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K.N. Vijayan Vs. the State - Court Judgment

LegalCrystal Citation
CourtKerala High Court
Decided On
Reported in1953CriLJ1613
AppellantK.N. Vijayan
RespondentThe State
Cases ReferredNarayanan v. Cochin Sirkar
- - of the four assessors three of them opined that the appellant was guilty of all the three offences he stood charged with, while the fourth was of the view that at best a conviction for theft alone was warranted by the evidence. 35 and 39 -which the lower court fully believed and with which view we see no reason to differ -clearly shows that the place where they were hidden was pointed out to p. we are not unaware that some courts, for instance the bombay high court, has not shown the inclination to draw any presumption as to the commission of an aggravated offence like murder from the mere fact of the possession of the property belonging to a murdered person with -the accused on trial. the question whether in a given case a presumption in the sense referred to in the cases.....koshi, c.j.1. this case has come before us in appeal & under section 374, criminal p.c. for confirmation of the capital sentence passed on the appellant vijayan, son of chandraseri narayanan vaidan of mattancherry for the murder of a boy swaminathan, aged about 14 who was a student of form iii in the t.d. high school, mattancherry. besides murder the appellant also stood charged with the commission of offences punishable under sections 392 and 201, indian penal code viz., robbery and causing disappearance of the evidence of murder. the learned sessions judge of anjikaimal who held the trial with the aid of four assessors found the accused guilty both of murder and robbery and passed the sentence of death in respect of the former offence. in view of the imposition of the death penalty no.....

Koshi, C.J.

1. This case has come before us in appeal & under Section 374, Criminal P.C. for confirmation of the capital sentence passed on the appellant Vijayan, son of Chandraseri Narayanan Vaidan of Mattancherry for the murder of a boy Swaminathan, aged about 14 who was a student of Form III in the T.D. High School, Mattancherry. Besides murder the appellant also stood charged with the commission of offences punishable under Sections 392 and 201, Indian Penal Code viz., robbery and causing disappearance of the evidence of murder. The learned Sessions Judge of Anjikaimal who held the trial with the aid of four assessors found the accused guilty both of murder and robbery and passed the sentence of death in respect of the former offence. In view of the imposition of the death penalty no separate sentence was awarded with respect to robbery. As for the charge under Section 201, the learned Judge took the view that as the appellant was found guilty of murder the consideration of the question whether he was guilty of the offence of causing disappearance of the evidence of murder did not arise. Of the four assessors three of them opined that the appellant was guilty of all the three offences he stood charged with, while the fourth was of the view that at best a conviction for theft alone was warranted by the evidence.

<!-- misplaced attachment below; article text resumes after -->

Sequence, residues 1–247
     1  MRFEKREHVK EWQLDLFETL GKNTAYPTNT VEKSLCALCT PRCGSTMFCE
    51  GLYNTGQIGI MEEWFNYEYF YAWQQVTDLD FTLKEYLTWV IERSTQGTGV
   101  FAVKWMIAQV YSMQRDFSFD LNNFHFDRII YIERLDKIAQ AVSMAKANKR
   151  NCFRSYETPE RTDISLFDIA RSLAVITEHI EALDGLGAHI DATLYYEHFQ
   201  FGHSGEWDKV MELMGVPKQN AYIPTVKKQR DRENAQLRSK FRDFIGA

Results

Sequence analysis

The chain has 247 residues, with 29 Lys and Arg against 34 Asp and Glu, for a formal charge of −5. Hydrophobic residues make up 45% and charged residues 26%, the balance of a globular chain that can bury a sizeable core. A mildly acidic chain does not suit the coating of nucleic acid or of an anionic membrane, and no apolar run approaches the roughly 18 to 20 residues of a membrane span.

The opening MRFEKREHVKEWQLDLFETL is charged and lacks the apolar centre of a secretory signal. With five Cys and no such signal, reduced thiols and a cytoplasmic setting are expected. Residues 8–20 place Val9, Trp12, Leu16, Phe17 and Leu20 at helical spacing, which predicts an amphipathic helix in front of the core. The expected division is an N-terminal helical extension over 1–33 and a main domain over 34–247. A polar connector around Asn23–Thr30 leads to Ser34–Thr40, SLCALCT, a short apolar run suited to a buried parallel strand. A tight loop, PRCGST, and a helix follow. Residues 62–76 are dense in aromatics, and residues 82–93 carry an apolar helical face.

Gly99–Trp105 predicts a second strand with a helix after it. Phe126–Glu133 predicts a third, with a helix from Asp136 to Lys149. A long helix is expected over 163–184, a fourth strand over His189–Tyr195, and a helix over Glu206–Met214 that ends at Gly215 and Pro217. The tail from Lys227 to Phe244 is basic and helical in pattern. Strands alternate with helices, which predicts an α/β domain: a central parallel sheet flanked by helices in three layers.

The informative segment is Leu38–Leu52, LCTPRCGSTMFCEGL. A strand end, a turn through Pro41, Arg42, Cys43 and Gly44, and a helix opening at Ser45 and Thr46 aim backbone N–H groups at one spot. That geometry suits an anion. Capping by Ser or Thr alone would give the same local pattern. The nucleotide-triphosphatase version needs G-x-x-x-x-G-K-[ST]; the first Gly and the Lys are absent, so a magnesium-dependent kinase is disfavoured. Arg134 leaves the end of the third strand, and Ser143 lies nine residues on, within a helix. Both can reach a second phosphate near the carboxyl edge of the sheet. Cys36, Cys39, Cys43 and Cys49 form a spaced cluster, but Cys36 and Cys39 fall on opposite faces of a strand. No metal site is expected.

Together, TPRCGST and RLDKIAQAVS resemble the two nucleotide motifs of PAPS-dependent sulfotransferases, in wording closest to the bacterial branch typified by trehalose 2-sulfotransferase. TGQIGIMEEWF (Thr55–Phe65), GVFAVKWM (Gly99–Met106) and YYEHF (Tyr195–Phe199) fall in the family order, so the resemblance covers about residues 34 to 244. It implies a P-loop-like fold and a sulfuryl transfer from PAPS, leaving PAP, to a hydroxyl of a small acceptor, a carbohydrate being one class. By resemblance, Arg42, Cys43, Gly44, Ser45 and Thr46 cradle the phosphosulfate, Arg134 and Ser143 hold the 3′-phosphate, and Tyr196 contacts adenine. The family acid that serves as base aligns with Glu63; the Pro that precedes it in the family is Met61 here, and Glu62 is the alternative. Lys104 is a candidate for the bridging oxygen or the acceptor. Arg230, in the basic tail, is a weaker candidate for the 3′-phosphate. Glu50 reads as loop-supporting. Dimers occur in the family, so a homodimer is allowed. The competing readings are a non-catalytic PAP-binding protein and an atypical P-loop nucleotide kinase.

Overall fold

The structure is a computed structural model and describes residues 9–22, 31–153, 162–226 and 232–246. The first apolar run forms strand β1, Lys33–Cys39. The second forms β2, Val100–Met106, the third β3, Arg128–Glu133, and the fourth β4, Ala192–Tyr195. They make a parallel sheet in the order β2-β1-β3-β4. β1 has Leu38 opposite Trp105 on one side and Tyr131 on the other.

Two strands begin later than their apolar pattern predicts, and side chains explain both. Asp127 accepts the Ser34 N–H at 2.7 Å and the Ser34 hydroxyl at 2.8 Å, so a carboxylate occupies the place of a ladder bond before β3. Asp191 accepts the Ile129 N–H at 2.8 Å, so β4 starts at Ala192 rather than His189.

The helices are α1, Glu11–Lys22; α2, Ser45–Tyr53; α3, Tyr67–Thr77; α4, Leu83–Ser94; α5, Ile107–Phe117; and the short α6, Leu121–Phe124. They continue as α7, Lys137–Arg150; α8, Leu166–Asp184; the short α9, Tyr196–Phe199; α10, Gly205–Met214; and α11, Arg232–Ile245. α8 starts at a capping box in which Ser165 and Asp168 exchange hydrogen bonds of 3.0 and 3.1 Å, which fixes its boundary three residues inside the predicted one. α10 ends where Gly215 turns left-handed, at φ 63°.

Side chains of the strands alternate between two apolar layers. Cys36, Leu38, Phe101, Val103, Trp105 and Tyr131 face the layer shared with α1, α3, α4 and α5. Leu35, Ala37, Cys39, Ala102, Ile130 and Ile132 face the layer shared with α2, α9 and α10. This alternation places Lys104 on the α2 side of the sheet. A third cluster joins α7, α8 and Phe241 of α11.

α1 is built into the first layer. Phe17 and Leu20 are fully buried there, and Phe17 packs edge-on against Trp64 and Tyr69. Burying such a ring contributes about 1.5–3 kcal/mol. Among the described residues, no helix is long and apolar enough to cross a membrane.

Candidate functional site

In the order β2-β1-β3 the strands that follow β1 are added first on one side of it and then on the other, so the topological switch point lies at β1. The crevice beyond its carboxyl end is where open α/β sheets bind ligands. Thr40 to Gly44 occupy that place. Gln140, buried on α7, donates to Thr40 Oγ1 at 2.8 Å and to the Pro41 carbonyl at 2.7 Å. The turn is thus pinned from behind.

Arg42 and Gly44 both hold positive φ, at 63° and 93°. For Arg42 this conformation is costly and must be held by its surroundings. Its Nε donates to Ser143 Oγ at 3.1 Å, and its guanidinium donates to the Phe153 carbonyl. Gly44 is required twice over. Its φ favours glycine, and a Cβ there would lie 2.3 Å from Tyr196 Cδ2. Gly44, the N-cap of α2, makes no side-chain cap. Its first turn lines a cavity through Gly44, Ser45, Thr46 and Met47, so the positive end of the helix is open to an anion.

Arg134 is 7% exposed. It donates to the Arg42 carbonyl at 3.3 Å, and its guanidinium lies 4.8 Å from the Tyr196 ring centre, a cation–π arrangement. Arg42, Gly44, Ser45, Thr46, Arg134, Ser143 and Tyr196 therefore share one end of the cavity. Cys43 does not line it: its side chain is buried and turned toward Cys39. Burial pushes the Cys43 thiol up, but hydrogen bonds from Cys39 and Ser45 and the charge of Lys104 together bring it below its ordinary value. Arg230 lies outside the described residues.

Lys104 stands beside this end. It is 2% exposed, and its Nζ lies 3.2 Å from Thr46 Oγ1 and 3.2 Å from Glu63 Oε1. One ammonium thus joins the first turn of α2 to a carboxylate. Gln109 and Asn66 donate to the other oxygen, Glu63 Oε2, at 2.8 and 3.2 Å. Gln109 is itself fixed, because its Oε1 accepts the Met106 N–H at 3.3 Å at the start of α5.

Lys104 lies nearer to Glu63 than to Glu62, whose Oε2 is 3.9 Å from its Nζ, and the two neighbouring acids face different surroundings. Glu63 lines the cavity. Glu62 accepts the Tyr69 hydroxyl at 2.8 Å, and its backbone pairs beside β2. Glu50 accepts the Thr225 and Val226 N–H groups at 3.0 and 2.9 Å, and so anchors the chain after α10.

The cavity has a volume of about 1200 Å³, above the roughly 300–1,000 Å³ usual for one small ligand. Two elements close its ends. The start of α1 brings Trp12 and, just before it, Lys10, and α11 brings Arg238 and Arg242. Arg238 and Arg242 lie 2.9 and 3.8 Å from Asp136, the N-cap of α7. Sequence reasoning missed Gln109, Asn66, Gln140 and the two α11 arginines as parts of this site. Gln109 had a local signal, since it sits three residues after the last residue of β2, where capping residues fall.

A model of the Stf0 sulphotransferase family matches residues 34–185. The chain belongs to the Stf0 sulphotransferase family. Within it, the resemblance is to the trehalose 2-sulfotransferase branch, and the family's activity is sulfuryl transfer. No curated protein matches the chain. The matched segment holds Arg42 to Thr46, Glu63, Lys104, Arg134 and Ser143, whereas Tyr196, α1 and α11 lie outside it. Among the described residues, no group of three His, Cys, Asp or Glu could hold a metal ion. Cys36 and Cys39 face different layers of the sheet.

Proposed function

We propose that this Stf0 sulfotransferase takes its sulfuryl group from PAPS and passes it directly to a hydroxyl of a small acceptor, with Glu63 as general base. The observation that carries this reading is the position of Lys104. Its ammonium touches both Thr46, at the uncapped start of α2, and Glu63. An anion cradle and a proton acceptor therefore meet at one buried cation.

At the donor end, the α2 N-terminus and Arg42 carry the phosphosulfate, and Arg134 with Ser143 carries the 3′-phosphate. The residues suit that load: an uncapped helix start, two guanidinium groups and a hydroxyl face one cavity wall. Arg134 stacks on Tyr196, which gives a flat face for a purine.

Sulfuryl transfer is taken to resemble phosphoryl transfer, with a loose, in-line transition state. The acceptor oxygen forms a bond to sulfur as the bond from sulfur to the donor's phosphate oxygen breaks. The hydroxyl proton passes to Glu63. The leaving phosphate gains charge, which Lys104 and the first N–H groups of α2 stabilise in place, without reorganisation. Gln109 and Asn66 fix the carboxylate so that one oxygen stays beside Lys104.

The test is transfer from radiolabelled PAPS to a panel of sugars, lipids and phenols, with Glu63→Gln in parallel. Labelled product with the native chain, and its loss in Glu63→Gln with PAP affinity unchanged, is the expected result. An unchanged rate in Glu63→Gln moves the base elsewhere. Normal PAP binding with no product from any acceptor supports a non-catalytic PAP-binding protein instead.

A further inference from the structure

2. The occurrence forming the subject of the charge is alleged to have taken place in the afternoon of 1.8.1952. The appellant was then 18 years of age and at that time he was without employment. He was formerly a student of the T.D. High School and the deceased Swaminathan and himself were friends. After leaving the school, the appellant got himself apprenticed for some time to a tailor but he left that off a fortnight or so before the date of the occurrence. The prosecution case is that on 1.8.1952 the appellant met Swaminathan at about 10-30 A.M. and that they were practically together till about 2-30 P.M. when the appellant enticed Swaminathan to an unused latrine in the T.D. High School compound and there murdered him by hitting him on the back of his head with a heavy piece of concrete. Other injuries are said to have been inflicted on the deceased's fore-head with a knife and the prosecution also charged the appellant with having helped himself with the ornaments Swaminathan was wearing at that time viz., a gold (neck) chain, a gold ring and two earrings. It would appear the earrings were removed by cutting the lobes of the ears. According to the prosecution these incidents must have taken place round about 3 P.M. Their further case against the appellant is that after 8 P.M. on that day with a view to screen himself from punishment by concealing evidence of the commission of murder and robbery he had committed, the appellant dragged the dead body into a canal to the west of the latrine and there buried it deep in the mud of the canal and placed a big piece of granite over it.